By Kathryn Burnham, Times Colonist, July 3, 2011
Miles Motture, on the University of Victoria campus, has complained to the B.C. Human Rights Tribunal.
Long lines at the bookstore is usually all the waiting most students have to do before getting their textbooks. But for those with sight problems, the
wait is even longer, and that is discriminatory, according to Miles Motture.
That is why the University of Victoria law student has filed a complaint against the university and six textbook publishers with the B.C. Human
“It’s a frustrating process,” Motture said. “Other students don’t even have to go through the process of asking, never mind asking and then getting
For students to get an electronic copy of a textbook, they must first purchase the hardcopy and submit their booklist to the university.
The university places a request for the alternate-format book to the publisher once the student has given them a booklist for all their courses.
It may take up to eight weeks to get the book in the right electronic format, UVic said.
“If a student registers with the resource centre, gives enough lead time, and does their piece, then generally the resource centre has the ability to
get the materials by the time they are needed,” said Kim Hart Wensley,
associate vice-president at UVic.
The electronic copy is typically available within a few days of the publisher receiving a request for the book – whatever time it takes for the
CD-ROM to be burned and couriered to the school, says textbook publisher LexisNexis.
Hart Wensley said there can be some delay if a student switches courses, the professor does not have the booklist available or if an electronic copy of
the book is unavailable and needs to be created from a hardcopy.
Motture, 46, is partially sighted, and says the delay affects his ability to tackle the large reading load that comes with law school. Delays in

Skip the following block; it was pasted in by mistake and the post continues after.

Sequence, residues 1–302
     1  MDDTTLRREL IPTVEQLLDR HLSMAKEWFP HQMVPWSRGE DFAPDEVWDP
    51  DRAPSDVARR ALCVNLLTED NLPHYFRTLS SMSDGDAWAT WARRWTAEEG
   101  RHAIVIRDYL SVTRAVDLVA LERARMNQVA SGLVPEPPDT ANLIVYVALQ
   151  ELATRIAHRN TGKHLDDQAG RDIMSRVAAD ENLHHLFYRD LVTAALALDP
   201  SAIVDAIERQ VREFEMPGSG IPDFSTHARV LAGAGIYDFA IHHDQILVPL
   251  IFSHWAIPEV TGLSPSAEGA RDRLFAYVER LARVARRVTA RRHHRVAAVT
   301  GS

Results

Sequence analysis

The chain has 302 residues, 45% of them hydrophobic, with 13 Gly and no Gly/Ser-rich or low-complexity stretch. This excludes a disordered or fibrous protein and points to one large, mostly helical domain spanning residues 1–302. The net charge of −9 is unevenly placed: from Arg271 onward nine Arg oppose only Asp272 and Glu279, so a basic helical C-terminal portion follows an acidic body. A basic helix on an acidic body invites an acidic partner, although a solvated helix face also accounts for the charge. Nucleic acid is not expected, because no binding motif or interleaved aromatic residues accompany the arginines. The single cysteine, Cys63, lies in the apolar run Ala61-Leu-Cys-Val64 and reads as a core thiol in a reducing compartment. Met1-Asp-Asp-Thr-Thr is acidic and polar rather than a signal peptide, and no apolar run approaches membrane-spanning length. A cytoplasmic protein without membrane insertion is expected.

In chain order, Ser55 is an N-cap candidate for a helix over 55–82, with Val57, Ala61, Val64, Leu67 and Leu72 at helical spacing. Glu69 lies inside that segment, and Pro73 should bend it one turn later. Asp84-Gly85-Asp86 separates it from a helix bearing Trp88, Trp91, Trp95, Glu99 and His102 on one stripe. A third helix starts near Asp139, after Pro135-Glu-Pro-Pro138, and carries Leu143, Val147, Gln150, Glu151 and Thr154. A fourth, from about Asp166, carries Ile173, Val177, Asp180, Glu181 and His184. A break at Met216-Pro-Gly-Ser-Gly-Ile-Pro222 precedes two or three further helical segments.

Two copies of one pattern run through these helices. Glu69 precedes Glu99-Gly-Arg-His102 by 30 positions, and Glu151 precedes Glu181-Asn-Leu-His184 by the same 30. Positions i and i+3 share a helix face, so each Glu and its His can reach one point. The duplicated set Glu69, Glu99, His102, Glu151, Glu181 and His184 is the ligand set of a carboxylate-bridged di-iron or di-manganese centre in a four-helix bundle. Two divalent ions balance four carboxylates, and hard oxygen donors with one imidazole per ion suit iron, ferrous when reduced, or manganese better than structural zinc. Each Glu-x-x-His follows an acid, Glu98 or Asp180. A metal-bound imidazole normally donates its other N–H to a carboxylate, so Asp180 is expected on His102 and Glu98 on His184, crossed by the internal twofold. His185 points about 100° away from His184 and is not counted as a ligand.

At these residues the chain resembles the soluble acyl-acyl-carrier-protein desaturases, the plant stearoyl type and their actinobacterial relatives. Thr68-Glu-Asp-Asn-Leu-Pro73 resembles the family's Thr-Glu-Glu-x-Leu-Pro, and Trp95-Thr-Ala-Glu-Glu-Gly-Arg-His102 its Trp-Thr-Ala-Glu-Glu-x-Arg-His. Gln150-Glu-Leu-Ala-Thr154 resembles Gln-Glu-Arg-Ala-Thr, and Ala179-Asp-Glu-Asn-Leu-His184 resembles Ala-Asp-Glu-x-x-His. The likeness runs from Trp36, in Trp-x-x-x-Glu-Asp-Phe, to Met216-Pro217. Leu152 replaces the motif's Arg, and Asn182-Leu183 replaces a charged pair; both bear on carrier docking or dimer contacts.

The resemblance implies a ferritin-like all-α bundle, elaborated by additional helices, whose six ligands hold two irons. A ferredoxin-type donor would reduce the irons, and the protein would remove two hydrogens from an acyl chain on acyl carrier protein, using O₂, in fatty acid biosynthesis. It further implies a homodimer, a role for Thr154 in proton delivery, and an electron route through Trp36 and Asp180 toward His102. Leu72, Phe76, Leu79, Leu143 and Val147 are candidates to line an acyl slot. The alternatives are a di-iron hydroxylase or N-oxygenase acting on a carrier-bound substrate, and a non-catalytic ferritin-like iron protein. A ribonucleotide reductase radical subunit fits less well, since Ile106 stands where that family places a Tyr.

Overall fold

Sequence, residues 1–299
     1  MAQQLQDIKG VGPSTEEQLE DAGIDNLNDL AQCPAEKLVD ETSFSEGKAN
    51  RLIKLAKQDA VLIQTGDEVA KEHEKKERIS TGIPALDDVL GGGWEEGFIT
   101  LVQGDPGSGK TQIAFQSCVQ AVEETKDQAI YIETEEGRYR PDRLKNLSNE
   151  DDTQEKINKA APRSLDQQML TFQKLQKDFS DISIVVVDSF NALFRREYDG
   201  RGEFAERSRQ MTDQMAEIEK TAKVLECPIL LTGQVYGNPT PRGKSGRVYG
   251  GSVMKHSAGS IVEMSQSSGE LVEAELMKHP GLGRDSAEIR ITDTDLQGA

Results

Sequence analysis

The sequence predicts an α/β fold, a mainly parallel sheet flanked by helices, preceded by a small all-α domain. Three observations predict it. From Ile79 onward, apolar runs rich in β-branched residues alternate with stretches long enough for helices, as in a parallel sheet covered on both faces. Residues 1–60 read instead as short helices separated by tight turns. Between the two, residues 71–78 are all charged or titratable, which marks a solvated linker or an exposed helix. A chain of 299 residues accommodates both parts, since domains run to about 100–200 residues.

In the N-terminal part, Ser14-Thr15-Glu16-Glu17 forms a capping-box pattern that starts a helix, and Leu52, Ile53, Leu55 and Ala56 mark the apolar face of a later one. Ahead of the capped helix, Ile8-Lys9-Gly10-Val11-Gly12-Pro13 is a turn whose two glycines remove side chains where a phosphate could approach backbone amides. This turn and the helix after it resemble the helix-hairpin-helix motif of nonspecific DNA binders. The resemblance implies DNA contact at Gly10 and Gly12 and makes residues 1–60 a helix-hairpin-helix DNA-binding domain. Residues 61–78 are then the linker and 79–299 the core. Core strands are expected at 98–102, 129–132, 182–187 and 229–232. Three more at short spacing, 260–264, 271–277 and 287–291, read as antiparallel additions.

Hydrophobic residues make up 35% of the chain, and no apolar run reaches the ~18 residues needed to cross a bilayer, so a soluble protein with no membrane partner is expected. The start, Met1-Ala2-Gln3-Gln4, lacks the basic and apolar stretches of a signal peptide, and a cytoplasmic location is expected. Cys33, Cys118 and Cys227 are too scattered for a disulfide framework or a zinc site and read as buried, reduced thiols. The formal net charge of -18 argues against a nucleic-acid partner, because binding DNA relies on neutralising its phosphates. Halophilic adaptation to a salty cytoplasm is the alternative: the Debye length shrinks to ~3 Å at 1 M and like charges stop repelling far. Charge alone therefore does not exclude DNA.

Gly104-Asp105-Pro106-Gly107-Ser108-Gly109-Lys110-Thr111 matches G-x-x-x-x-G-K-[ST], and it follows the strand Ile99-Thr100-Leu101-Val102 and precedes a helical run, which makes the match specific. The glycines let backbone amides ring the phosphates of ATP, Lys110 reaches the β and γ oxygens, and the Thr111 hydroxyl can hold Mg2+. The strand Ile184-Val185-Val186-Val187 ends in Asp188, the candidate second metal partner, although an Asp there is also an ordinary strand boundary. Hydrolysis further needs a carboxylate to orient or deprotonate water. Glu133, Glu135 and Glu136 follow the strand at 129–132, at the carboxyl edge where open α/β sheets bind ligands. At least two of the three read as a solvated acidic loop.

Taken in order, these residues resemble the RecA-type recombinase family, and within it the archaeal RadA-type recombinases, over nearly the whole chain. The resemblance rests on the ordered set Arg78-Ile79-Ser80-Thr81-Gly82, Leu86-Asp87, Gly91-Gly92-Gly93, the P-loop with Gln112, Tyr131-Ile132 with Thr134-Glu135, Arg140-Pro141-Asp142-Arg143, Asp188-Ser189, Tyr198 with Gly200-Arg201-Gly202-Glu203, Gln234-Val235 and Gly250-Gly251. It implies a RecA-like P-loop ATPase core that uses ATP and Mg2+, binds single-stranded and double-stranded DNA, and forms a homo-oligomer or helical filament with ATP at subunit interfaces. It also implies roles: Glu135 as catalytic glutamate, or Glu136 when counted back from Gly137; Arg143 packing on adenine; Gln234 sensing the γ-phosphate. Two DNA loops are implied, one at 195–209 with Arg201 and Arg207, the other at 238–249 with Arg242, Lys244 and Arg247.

acquiring the booklist have often slowed him down, which is why the law faculty is also named in the complaint, he said.
Hart Wensley said there are occasional complaints about the delays, but said the university is working hard to improve its processes for students who
need alternate-format books. “I appreciate that there is a finite amount of time in a term,” she said.
There are typically fewer than 100 students in a given year requiring an electronic copy of their books, Hart Wensley said.
What irks Motture further, he said, is that e-books are a rising trend, and many textbook companies make other books available in electronic format.
Motture said he wishes the textbook side of the industry would catch on to the electronic craze a bit quicker.
“It’d be different if this was some crazy thing that was really difficult for the publisher to solve, but obviously it’s not. Electronic books are
readily available. People download gazillions of them every day,” said Motture.
LexisNexis says it has three e-books available and plans to have another four ready for the end of 2011. “Over time, we’ll be providing an increasing
number of our print publications in e-book format,” said communications manager Tracy Smith via email.
The Victoria Times Colonist